недеља, 19. јул 2015.

About campaign

Through years of managing campaigns, I've learned a few truisms along the way.  I created none of these, but I swear by these seven rules and have not lost a campaign since adopting them.

1. It's not what you say.  It's what you're talking about

All campaigns are helped or hurt by certain issues. Your candidate may have the greatest answers on education, but if education is an issue that helps your opponent more than you, you're fighting a losing battle even bringing it up.  Start your campaign by defining which issues help your candidate, and don't talk about anything else.

The key is to make the race "about" one of your key issues.  List issues for your candidate and issues for your opponent.  If your race becomes about one of your opponent's issues, you lose.

2. Issues only matter if they define your candidate

Most voter polls show a great affinity for issues, but issues aren't an end in themselves.  Few votes actually turn on one issue. What voters mean by "voting on issues" is that they use the issues in a campaign to determine the character of a candidate.  If your candidate's issues can't be connected together and articulated in a theme, change them until you can.  You must give a clear, consistent and favorable definition of who your candidate is. People want to vote for candidates like themselves, and can forgive an issue difference here and there if the theme represents values similar to the voters.

3. Make them fight for their base

If someone aligned with your opponent is running in a simultaneous race nearby, find an issue that they disagree on and push it.  If not, do the same with positions contrary to his supporters. Chances are, your opponent doesn't want a lead story about how he is out of touch with his own side, and it reminds his donors and voters that your opponent isn't always on their side, either.  Make him waste time and money shoring up people in his base while you take the middle.

4. Better to say the same thing ten times then to say ten things once

Nothing frustrates a candidate more than giving the same answer a thousandth time, except maybe losing the race, which he most surely will if he doesn't.  When the candidate is sick of saying it, that's when people are beginning to listen to it.  Many times, campaigns are months of rehearsal for a week of performance.  Stick to your message no matter how boring it is for a candidate who loves the thought of knowing everything about everything.   It'll pay off when it counts.

Tie every Q&A to your general theme, and from there back to one of your key issues.  If a question is not in your candidate's key areas, answer it briefly - very briefly - and bridge back to your themes and a key issue of yours.  You can't articulate your theme too often.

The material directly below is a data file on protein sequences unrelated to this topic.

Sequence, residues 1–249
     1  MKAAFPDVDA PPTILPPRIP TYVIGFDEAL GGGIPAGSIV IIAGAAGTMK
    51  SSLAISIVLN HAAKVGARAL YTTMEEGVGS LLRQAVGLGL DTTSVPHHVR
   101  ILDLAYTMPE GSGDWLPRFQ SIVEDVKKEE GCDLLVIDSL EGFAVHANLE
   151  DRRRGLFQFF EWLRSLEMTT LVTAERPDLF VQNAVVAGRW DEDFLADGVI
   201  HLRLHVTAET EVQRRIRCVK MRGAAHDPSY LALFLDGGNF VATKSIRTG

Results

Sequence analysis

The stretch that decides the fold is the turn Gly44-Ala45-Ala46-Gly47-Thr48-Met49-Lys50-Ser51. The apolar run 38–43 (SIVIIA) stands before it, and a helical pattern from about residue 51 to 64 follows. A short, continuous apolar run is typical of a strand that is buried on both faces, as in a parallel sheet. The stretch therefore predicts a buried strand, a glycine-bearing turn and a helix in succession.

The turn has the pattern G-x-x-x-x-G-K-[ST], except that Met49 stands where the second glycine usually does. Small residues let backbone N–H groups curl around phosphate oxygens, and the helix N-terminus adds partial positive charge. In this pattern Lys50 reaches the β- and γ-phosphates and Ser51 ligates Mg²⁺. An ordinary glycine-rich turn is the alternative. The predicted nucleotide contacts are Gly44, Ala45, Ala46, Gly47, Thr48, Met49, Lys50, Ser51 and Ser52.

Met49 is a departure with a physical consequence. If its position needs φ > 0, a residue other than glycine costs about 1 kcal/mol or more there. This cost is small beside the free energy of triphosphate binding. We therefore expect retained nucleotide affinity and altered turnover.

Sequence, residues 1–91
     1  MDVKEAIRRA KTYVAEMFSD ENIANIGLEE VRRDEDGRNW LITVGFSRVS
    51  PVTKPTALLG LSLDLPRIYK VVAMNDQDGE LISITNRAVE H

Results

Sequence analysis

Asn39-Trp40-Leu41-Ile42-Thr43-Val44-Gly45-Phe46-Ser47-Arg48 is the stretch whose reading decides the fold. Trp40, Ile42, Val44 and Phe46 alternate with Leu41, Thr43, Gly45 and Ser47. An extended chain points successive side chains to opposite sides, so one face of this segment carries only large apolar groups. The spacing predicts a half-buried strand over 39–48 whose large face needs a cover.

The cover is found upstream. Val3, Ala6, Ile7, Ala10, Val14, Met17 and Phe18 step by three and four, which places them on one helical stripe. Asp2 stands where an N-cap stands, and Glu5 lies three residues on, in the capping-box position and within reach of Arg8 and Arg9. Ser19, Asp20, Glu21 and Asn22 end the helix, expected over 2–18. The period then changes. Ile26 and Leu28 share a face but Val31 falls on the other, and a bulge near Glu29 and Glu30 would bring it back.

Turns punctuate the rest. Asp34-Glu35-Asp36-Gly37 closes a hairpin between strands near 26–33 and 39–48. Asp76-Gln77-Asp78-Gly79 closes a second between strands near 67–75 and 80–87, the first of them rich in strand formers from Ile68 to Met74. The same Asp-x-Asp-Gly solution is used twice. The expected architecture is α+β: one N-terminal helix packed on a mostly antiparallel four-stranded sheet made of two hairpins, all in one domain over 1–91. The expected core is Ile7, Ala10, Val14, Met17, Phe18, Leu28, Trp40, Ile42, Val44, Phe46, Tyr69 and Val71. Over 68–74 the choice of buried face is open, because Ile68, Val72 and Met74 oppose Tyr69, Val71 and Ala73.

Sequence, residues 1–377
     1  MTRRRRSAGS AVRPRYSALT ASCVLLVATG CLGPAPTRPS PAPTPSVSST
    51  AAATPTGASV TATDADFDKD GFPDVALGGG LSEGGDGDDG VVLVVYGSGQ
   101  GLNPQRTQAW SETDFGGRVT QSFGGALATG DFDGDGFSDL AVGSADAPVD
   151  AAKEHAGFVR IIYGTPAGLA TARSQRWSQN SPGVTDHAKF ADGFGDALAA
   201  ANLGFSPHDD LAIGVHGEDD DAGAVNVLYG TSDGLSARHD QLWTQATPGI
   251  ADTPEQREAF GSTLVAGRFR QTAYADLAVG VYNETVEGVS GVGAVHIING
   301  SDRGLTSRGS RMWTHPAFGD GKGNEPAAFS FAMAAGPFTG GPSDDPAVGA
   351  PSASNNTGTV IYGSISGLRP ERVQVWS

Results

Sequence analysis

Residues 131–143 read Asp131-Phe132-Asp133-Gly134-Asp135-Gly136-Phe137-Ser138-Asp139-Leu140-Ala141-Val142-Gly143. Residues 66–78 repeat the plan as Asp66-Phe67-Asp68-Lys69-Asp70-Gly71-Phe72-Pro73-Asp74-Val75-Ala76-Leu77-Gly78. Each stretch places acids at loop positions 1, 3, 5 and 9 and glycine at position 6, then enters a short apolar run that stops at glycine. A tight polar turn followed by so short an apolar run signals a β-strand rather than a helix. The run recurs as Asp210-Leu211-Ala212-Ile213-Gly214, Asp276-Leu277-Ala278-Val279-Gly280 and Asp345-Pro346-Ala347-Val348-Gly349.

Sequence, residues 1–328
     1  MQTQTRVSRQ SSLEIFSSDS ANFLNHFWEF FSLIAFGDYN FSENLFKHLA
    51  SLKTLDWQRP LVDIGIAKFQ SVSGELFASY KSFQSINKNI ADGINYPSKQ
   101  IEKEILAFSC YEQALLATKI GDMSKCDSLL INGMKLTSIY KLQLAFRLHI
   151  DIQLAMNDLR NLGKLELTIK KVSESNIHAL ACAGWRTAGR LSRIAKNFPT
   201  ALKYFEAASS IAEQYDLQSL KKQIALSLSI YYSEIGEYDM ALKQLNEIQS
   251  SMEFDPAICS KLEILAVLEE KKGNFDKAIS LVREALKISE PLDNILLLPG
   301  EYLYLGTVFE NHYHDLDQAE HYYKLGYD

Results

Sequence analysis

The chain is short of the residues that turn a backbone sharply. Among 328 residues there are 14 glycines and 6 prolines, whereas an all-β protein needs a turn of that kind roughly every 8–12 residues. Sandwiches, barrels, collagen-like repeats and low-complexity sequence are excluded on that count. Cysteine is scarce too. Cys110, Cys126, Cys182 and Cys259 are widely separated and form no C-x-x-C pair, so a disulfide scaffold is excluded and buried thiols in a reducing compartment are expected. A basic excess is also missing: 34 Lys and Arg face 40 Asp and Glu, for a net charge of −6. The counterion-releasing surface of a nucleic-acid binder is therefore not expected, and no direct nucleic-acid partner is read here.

5. Negative should not mean angry

Reagan was a master.  You can say very negative things with a smile and a shake of the head and not appear negative.  When voters say they hate negative politics, what they mean is they hate angry politics.  If your tone is positive and your look is upbeat, you can say things as negative as you want and voters will chuckle with you, and hate your opponent for being angry about it.

6. Never campaign to your base

Especially with paid media.  They'll turn out.  They'll vote for you.  They aren't going to switch parties because of your race.  I do not mean ignore them.  Invite them to your rallies.  Call them for advice.  Ask them to spend a day campaigning with your candidate.  But don't spend a dime of paid media reaching them or promoting issues mainly for their benefit.  Go for the middle, or make a stab at the opponent's base instead.

7. The kitchen table conversation

My test for any key campaign issue.  Do families discuss this at the kitchen table?  If not, don't run on it.  Your candidate may have a passion for realigning the bus routes downtown, but if a majority of voters don't care about it in their lives, they aren't going to begin caring during your campaign.  A campaign's job is not to educate voters about things they should care about, or to reach out to people who never voted and turn them into activists. A campaign's job is to reflect and address the concerns that voters already have.

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